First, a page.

An S&P Global Market Intelligence analysis found that there were 544 deal announcements in the insurance sector in 2016, with an aggregate disclosed deal value of $27.39 billion.
That represents a significant drop in both volume and transaction value from 2015, which saw 604 deal announcements with an aggregate disclosed deal value of $164.19 billion.
Despite the annual declines, insurance brokers posted their largest fourth-quarter aggregate announced deal value since 2010. In the fourth quarter of 2016, announced insurance broker deal values totaled $4.47 billion.
The largest deal of 2016 involved Sompo Holdings Inc., one of the largest insurers in Japan, which in early October of that year announced plans to acquire Endurance Specialty Holdings Ltd. for $6.3 billion. The price tag represents about 1.4x Endurance's book value, according to S&P Global Market Intelligence calculations.
With the return of Asian investors driving notable transactions, consolidation activity ticked up in both the property and casualty and the life and annuity spaces. Factors such as negative interest rates and demographic challenges have led Japanese insurers to look to certain international markets for expansion. Interest from Chinese acquirers, meanwhile, has generally stemmed from their desires to diversify their portfolios in a relatively safe manner.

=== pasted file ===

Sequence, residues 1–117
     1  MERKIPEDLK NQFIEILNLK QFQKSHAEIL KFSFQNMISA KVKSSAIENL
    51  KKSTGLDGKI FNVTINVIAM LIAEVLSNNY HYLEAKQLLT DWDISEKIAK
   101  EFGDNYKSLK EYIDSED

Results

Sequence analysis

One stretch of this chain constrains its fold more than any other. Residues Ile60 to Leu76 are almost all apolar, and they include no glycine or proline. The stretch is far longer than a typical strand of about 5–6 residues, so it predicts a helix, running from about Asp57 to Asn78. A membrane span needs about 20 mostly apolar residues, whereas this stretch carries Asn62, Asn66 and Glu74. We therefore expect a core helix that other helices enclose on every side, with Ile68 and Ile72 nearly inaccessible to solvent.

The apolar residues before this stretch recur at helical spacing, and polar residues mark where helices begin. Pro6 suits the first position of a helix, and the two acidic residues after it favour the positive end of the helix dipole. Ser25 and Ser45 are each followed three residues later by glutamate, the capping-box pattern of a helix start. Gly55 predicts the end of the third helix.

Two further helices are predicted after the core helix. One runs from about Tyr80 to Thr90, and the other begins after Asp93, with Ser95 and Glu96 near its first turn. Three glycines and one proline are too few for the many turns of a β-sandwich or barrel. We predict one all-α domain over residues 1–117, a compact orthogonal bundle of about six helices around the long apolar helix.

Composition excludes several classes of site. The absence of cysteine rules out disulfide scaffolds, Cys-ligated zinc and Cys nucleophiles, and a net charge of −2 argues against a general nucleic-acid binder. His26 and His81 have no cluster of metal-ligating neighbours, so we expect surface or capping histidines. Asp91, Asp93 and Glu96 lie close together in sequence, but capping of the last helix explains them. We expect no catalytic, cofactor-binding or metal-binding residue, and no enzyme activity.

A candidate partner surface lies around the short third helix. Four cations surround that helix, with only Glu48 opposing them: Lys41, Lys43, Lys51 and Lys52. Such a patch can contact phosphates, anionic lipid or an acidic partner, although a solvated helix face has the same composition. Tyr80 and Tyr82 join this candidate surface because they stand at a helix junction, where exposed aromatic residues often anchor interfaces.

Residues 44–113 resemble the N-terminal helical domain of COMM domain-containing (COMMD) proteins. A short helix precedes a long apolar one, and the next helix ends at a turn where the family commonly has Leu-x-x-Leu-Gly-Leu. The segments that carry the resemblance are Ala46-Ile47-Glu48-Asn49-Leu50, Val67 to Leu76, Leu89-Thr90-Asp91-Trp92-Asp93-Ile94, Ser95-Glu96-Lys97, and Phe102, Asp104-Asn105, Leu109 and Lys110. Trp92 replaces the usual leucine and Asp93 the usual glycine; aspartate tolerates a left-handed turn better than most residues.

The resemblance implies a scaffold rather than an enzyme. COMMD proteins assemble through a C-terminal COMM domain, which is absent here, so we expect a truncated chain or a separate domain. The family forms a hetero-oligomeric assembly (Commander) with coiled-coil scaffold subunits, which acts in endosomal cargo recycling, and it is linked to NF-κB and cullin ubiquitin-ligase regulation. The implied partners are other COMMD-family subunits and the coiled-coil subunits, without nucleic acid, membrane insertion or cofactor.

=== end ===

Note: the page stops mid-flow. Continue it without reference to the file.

Endurance Specialty Holdings shareholders voted in favor of the proposed merger at a special general meeting held Jan. 27.
The second-largest announced deal of 2016 was Liberty Mutual Holding Co. Inc.'s planned acquisition of Ironshore Inc. The deal, announced in early December 2016, was valued at $3 billion, representing 145.5% of Ironshore's book value. The combination is expected to create the fifth-biggest excess and surplus insurance carrier, based on 2015 premium volumes.
Two mega-deals that could have changed the face of the U.S. health insurance industry have been blocked by the courts, which ruled that the combinations would do unacceptable harm to competition in the industry. In January, a federal judge blocked the proposed merger between Aetna Inc. and Humana Inc. writing that he was unconvinced that the efficiencies created by the merger would mitigate the anti-competitive effects that would be felt by consumers. After mulling their options, the two sides announced Feb. 14 they had opted to pull the plug on the deal. Humana will receive a breakup fee, net of tax, of about $630 million. Aetna also terminated its deal to sell certain Medicare Advantage assets to Molina Healthcare Inc.
Another federal judge blocked on Feb. 8 Anthem Inc.'s proposed acquisition of Cigna Corp. Those two companies have not announced plans to either appeal the ruling or terminate the transaction. Under the merger's terms, Cigna could receive a $1.85 billion termination fee.